A different articulation of the idea of the school as a learning community looks not to teach its students about the community, but sees the school itself as an organic part of its broader community. This idea has become popular in many small to midsize Jewish communities, both for practical and for ideological reasons. Regardless of the reasons, the integration of the school into communal life transforms the student experience. The school is not the place that they “visit” during their “working” hours, but an inseparable extension of their Jewish communal lives. The school becomes more than a place of their own learning – it becomes a place where they play and experience multiple youth activities (from the recreational to the spiritual), and where their parents go to learn, to pray, and to be involved in Jewish life. Below are a number of diverse examples from across the United States.
Take, for example, Striar Hebrew Academy in Sharon, Mass. This small K-8 school is housed in the local Orthodox synagogue. The school is an integral part of the community, from the faculty to the students. The people one meets in school are likely going to be the same ones one meets in shul, and it is hard to imagine the community surviving without its school. The opening of a new middle school for girls in the same community will likely shake things up in the upper grades at Striar, but in the Orthodox community this is essentially a one-shul, one-school town and those institutions will be mutually supportive.
Another example is the Lerner School in Raleigh-Durham, NC. This school is the only day school in town, and is therefore deeply integrated into and committed to serving the entire Jewish community. Look at the following statements on the school’s website:
The school actively encourages parents to participate in their children’s educational experiences, from attending a model seder to joining in the school’s sukkah. The school is part of a “Jewish campus” meant to centralize many of the Jewish community’s institutions, and makes extensive use of the JCC’s nearby facilities for art, music and physical education, utilizing rather than duplicating existing communal resources. This school is one of a number which have summer camps attached to them, not only to make efficient use of a communal resource but to position the school as a center of year-round Jewish youth activity.
Denver is an example of a mid-size Jewish community. While there are multiple schools in the city, there is one which identifies itself as Modern Orthodox. The school community has spawned a shul on its campus, which helps to create community and attract people into the school. The two institutions share resources and are mutually supportive, and adult-education activities support the educational activities of the students. The shul Rabbi holds a significant position in the school, synagogue programs are designed with the school’s students in mind and builds upon what the students are learning in school. The school has a community farm as well as a day camp, which help to boost the school’s presence in town and make it a more central locus of the community, and the school-synagogue have built a mikvah on campus to further highlight the campus as a center of Jewish life.
A dramatically different example is the Hannah Senesh (K-8) school in downtown Brooklyn. Brooklyn is hardly a small or midsize city, and there are more Jewish resources nearby than in any Jewish community outside of Israel. Still, the pluralistic Jewish community of downtown Brooklyn has proven to be fertile ground for the school to position itself as a center of communal learning and activity.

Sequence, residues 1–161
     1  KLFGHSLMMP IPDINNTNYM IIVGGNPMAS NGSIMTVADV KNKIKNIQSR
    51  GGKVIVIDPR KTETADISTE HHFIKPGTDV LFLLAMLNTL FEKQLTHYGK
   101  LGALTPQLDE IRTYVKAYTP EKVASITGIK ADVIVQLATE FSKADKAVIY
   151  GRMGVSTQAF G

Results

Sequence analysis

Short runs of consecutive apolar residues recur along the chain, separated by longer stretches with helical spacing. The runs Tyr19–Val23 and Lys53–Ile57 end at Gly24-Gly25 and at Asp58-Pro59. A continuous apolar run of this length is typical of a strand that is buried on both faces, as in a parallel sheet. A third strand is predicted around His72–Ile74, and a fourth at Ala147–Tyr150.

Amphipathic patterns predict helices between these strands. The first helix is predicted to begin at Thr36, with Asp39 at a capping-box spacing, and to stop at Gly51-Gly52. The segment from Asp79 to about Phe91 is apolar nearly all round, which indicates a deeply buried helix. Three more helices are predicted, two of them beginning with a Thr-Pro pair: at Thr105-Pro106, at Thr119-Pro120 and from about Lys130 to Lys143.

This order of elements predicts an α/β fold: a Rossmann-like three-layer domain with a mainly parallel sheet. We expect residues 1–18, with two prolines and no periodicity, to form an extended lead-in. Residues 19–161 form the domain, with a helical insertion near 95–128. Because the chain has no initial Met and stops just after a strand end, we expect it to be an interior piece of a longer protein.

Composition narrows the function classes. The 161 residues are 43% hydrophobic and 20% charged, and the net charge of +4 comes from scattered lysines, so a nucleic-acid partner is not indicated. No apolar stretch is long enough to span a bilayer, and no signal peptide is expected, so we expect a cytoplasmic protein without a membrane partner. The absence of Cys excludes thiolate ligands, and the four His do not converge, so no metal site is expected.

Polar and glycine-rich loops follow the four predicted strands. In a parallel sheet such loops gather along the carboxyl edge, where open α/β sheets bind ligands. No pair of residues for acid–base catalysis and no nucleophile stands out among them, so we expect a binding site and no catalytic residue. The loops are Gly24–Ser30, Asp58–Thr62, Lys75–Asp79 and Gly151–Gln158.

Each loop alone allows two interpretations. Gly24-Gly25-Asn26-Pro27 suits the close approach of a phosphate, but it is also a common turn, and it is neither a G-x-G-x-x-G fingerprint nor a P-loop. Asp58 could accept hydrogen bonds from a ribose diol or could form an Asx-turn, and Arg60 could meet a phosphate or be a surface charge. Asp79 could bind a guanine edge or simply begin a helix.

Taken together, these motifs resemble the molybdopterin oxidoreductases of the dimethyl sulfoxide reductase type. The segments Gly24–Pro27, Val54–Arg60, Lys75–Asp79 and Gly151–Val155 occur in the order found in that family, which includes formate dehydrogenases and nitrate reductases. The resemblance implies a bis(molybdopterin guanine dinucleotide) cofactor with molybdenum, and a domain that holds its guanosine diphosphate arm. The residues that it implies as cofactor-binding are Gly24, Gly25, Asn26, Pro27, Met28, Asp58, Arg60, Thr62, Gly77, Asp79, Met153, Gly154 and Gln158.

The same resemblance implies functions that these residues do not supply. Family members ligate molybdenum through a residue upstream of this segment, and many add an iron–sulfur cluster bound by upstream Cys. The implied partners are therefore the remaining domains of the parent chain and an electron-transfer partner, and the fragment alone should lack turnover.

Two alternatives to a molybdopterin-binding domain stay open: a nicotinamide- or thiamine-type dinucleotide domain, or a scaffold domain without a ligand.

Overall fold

Hannah Senesh recently launched “SmallCity@Senesh” – a community oriented program designed to serve the broader community including those who are not even considering day school education. It includes a variety of components, including Sunday morning programming for early childhood (newborn to pre-school), after-school programming for high school students, community-oriented holiday celebrations, and Hebrew language courses open to the public. In addition to SmallCity@Senesh the school runs a Hebrew camp during the summers, which serves both as a complement to its year-long learning as well as a resource for the general community. The SmallCity@Senesh initiative stands out in that it is not part of a recruitment effort, nor even a direct effort to enrich the learning of the students enrolled in the school, but an expression of the school’s vision as a Jewish learning center for the community.
Despite the community focus of the programming, the presence of these activities in the school sends a powerful, albeit subtle, message to the student body that Jewish learning is not only for school-age children registered by their parents. The importance ofthis message, communicated through action rather than words, cannot be underestimated. (For a fuller description of the program at Hannah Senesh see RAVSAK)
The multiple models of the school as a learning community are not mutually exclusive, rather, the complement each other. The inward-focused processes within a school – particularly when done with a transparency which makes them clear to teachers, students, parents, and lay leadership – help to foster a culture of learning and openness. The external-focused efforts, whether driven by financial concerns, recruitment considerations, or a community-oriented vision, help to generate the sense that learning happens beyond school and into life as a whole.
Bailey, S. (2010). Educating for an ethical Jewish community. Jewish Educational Leadership 8(3).
Bailey, S. (2012). Empowering students: A win-win strategy. Jewish Educational Leadership 10(2).
Bonner, D. (2012). Student empowerment: A student’s perspective. Jewish Educational Leadership 10(2).
Greenberg, Y. (2006). Judaism and modernity: Realigning the two worlds (Ed. Z. Grumet). Ramat Gan, Israel: The Lookstein Center.
Kislowicz, B. (2010). Teaching middot and Jewish values: Concrete ideas. Jewish Educational Leadership 8(3).
Rothner, D. and Hamerman , S. (2010). Areyvut: Teaching Jewish ethics through action. Jewish Educational Leadership 8(3).
Levisohn, J. A. (2009). Community as a Means and an End in Jewish Education, in Jewish Day Schools, Jewish Communities: A Reconsideration (Ed. A. Pomson and H. Dietcher). London: Littman Library.
Wiener, T. (2012). RealSchool: Giving students the reins. Jewish Educational Leadership 10(2).
Wizenfeld, C. (2010). Town hall training. Jewish Educational Leadership 8(3).